Sultana's Dream

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Sultana's Dream
August 2012


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Mad, Bad and Beyond Redemption?

Our issue this month was intended to be a pint-sized Sultana. This was a premature announcement on my part for if there is one issue that unites Australian Muslims across the board, it’s how we perceive our treatment by the media.  

Sunni or Shi’a, Sudanese, Somali, Turkish, Lebanese, Egyptian, Indonesian—or plain old Anglo – we all have something to complain about. Print or electronic, it matters not—in Muslim eyes ‘they’ are all tarred with the same brush. Sounds familiar doesn’t it?  

Perhaps it’s time, as Sherene Hassan argues in her article, for Muslims to take a more nuanced approach towards the media and drop the mantra of ‘the media is out to get us.’ Her experience at the hands of a local shock jock expands on this theme and was recorded on ABC’s Media Watch. 

Some Muslims choose coping mechanisms; they refuse to waste time on the outpourings of a vocal imbecile minority; they laugh, while gritting their teeth, and develop a healthy ‘media immune system’. Families often install satellite dishes on their rooftops, following in the footsteps of other migrant groups, like the Italians and Greeks. Al Jazeera (English or Arabic) is a firm favourite for viewers more interested in unbiased Middle East politics and indifferent to front-page stories of footie coaches swearing at young umpires.  

TV reality shows are stepping into the vacuum left by Australian TV dramas and comedies that depict Neighbour-like characters behind white picket fences, all looking the same! Watch any UK or USA comedy or drama—there are no colour bars: you find black and brown cops, psychologists, lawyers, mums and dads, doctors—and killers. Monocultural reflections of a society that existed in the 1960s don’t feature in their modern narratives. In Australia we can’t seem to get it right, sometimes it’s left to reality shows on television.

Amina Elshafei, the immensely popular contestant in Masterchef, did more to reduce social distance between Muslims and non-Muslims than a dozen documentaries; so too did the two affable ‘Mozzie fellahs’ the year before in The Amazing Race. On these shows we consistently see a slice of multicultural Australia: Australians of Indian, Chinese, Thai, Japanese, Greek and, of course, Anglo ancestries.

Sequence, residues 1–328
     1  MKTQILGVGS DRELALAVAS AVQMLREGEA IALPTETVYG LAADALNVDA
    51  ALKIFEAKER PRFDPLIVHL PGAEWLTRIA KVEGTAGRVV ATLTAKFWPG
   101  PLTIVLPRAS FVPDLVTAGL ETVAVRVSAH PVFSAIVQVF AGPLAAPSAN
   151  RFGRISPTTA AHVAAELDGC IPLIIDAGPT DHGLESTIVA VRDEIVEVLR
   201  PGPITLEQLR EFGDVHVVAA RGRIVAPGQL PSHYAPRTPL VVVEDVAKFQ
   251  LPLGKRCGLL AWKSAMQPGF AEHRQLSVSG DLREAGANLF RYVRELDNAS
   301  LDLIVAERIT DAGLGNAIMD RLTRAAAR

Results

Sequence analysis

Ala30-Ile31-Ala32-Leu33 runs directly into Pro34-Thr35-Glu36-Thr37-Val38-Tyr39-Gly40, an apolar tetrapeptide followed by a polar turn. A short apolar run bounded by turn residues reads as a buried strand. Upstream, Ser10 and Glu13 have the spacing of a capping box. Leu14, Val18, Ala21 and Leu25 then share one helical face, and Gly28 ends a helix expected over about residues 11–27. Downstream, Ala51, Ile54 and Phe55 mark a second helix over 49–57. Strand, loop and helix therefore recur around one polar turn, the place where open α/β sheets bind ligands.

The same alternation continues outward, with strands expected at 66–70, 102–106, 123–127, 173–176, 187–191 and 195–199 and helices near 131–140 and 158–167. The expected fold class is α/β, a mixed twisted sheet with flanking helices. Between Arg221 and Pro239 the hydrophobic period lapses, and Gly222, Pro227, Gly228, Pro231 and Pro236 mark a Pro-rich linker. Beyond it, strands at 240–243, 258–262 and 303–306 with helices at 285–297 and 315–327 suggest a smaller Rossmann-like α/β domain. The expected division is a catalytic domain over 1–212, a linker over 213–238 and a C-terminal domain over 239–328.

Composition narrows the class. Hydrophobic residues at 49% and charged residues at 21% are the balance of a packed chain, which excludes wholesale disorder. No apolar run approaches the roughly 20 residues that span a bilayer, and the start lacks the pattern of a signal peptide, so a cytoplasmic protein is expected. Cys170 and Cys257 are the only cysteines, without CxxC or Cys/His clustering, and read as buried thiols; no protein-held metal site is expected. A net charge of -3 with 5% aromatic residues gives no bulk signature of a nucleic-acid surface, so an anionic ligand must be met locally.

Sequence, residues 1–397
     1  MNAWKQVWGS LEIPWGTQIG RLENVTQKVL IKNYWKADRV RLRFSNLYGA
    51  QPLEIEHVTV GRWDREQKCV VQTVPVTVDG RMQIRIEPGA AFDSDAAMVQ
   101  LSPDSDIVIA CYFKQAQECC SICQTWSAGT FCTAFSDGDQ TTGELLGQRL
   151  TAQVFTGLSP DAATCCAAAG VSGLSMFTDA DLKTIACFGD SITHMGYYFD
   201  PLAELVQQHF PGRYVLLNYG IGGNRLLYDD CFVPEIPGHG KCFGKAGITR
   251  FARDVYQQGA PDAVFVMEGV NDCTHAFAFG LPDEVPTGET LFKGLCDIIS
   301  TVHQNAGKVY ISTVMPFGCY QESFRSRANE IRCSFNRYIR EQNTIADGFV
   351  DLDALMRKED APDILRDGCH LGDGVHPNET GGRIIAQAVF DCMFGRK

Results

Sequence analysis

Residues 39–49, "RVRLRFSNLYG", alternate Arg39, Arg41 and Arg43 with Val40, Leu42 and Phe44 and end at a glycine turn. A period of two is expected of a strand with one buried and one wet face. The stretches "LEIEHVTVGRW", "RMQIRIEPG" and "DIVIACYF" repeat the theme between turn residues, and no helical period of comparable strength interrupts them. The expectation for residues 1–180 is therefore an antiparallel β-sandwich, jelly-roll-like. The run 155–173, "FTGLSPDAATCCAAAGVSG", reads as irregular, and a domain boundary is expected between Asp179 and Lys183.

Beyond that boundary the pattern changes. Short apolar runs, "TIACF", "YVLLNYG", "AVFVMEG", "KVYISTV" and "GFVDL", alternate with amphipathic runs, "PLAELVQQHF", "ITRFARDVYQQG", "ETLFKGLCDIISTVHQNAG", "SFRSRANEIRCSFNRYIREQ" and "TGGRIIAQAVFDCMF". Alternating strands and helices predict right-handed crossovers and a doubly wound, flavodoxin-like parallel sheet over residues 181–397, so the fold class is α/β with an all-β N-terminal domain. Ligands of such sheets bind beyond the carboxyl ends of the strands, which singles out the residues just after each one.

In the world of print media, Farah Farouq provides Sultana readers with an inside view of the life of a professional journalist working for The Age. Durkhanai Ayubi brings us up to date with some surprising news of how Muslim women are flocking to the social media, while Joumana el Matrah reminds us, ‘When it comes to Muslim women, everybody in Australia is a feminist.’  

Of course the question inevitably rises: are Australian Muslim complaints valid or not? Is the notion of ‘victimhood’ too readily embraced at the drop of a hat (read hijab, burqa, turban or prayer cap if you prefer)?  

In this edition specific criticisms were levelled at certain ABC and SBS TV programs while commercial programs like A Current Affair and Today Tonight, which seem to specialise in negative media coverage on asylum seekers, Muslims and racial minorities, escaped sanction. ‘What can you expect? Commercial channels chase ratings,’ was the cynical view.  

Yes, some Muslims are tired of ‘coping’ and are taking a stand. Watching the SBS Insight program on polygamy last month, it seemed that the quietly executed, behind the scenes, Muslim boycott of the program had paid dividends. Mariam Veiszadeh’s article, ‘Lack of Insight’ outlines how this coup took place. Only three Muslims appeared on Insight that evening to give their views on polygamy in Islam; it became clear that the pickings were exceedingly slim and the spotlight turned on other members of the audience. I could imagine a collective sigh of relief echoing around the country in Muslim lounge rooms.  

It seems that lately Australian Muslims, tired of being stereotyped and vilified as terrorists, are becoming more sophisticated in their dealings with journalists. They are insisting on defining themselves, and a new generation of spokespeople is emerging including many women. Exercising influence without trying to censor the media is an ongoing challenge facing Generation Y Muslims in the years ahead. Joining the ranks of the media and becoming professional ‘insiders’ might be one solution.

Hanifa Deen

Ramadan Mubarak to Muslim readers